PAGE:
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Seattle Times letters to the editor

September 23, 2014 at 12:05 PM

Privacy of a public employee’s cellphone argument used to protect prosecuting attorney

Donna Grethen / Op Art

In his guest column, Pierce County Prosecutor Mark Lindquist’s disingenuous ploy for government worker privacy masks his self-interest [“Why the privacy of a public employee’s cellphone matters,” Opinion, Sept. 15].

In a recent decision from the Court of Appeals Division II in the Nissen case, he admits to more than two and a half hours of work-related calls and at least 16 work-related texts during just three specific days on his personal phone, and less than 10 minutes per month of phone usage — and no text messages — on his county-provided one. He quickly deleted those text messages and did not take steps to maintain them at the agency so his personal device was not at issue.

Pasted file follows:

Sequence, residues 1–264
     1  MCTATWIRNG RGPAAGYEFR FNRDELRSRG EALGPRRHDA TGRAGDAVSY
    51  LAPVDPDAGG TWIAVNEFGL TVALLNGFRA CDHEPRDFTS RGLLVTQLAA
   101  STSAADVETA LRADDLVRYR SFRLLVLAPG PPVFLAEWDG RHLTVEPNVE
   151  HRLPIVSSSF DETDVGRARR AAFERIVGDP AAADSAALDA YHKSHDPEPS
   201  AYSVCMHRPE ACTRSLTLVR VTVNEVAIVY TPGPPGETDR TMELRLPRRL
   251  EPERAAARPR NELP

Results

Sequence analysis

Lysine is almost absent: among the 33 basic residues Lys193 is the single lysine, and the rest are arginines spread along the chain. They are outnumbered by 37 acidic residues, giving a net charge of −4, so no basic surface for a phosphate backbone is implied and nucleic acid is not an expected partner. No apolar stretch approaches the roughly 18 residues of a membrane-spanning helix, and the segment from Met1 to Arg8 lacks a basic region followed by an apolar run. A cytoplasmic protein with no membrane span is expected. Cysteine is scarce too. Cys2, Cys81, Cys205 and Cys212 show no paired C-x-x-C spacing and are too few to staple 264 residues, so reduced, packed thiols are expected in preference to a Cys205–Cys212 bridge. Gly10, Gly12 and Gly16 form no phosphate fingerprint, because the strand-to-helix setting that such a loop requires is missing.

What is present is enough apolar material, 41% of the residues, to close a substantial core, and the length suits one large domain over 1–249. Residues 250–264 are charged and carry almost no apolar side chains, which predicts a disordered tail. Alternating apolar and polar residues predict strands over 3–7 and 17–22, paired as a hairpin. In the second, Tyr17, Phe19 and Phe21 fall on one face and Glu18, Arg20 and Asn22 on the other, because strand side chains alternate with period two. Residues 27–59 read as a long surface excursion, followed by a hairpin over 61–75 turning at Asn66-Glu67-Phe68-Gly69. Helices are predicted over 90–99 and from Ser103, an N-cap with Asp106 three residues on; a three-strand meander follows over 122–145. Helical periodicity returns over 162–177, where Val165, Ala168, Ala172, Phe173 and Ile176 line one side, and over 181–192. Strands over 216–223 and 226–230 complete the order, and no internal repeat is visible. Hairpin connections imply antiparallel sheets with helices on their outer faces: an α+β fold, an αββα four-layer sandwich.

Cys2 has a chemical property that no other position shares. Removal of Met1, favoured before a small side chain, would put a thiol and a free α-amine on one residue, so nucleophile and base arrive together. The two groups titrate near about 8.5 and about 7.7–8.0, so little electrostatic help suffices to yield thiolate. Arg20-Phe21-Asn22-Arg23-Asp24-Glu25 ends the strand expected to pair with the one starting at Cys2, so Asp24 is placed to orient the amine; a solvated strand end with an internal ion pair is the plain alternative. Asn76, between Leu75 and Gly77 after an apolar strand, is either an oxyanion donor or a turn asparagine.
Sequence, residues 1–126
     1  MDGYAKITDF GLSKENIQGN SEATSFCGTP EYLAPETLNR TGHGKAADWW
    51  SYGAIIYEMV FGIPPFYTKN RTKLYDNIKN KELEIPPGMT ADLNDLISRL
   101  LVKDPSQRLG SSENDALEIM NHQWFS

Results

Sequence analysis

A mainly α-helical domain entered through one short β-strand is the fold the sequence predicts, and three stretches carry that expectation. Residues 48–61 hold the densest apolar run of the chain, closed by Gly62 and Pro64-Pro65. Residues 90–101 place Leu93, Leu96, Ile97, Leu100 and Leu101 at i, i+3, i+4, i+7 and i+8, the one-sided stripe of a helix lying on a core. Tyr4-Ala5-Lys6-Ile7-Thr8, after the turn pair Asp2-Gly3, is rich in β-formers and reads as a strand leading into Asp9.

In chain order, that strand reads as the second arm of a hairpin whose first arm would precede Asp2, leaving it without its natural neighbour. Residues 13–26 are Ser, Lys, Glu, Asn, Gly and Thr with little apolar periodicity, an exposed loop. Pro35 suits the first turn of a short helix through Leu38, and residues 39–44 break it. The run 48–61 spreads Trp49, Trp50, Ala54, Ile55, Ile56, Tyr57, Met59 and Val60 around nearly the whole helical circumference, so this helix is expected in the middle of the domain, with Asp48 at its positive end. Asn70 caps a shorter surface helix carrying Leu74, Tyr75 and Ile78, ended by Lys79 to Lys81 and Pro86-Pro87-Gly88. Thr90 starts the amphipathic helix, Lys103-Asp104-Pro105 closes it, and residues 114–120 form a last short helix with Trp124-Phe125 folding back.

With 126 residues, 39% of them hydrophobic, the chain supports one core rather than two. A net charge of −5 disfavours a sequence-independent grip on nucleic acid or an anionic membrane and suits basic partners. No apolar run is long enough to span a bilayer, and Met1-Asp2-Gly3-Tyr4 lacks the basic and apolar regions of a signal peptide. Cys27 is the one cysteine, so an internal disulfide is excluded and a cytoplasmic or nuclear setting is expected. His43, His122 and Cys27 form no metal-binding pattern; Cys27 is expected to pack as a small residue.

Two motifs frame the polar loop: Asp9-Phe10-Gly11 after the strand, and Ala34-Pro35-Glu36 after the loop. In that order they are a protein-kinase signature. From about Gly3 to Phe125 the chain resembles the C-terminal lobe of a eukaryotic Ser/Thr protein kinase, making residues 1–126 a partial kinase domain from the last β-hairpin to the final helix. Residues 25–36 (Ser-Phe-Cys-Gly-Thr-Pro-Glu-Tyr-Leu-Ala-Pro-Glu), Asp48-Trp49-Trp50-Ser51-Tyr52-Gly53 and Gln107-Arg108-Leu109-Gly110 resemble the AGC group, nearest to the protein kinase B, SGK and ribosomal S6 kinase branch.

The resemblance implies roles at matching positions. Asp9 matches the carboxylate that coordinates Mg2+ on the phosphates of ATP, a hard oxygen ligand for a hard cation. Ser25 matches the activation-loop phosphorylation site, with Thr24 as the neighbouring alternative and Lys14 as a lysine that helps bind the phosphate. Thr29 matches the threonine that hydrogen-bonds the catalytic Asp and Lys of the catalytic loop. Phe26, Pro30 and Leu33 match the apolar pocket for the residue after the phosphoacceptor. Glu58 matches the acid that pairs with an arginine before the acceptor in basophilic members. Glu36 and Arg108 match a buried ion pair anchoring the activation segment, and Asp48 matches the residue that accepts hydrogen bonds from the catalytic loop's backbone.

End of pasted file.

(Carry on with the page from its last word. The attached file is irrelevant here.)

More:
The phone carrier says it still has the texts and will make them available, but Lindquist objects. Division II says the trial court should look at the records and decide what content is public. Other citizens and criminals with no public information undergo in camera review of their private information. It troubles us that we have an elected prosecutor expending vast amounts of public energy and resources to keep us all from seeing what he is really saying.

Joan K. Mell and Michele Earl-Hubbard are attorneys who represent Detective Glenda Nissen in a lawsuit related to Public Records Act requests for Lindquist’s work-related  phone records

Comments | More in cellphones | Topics: cellphones, Court of Appeals, Joan K. Mell

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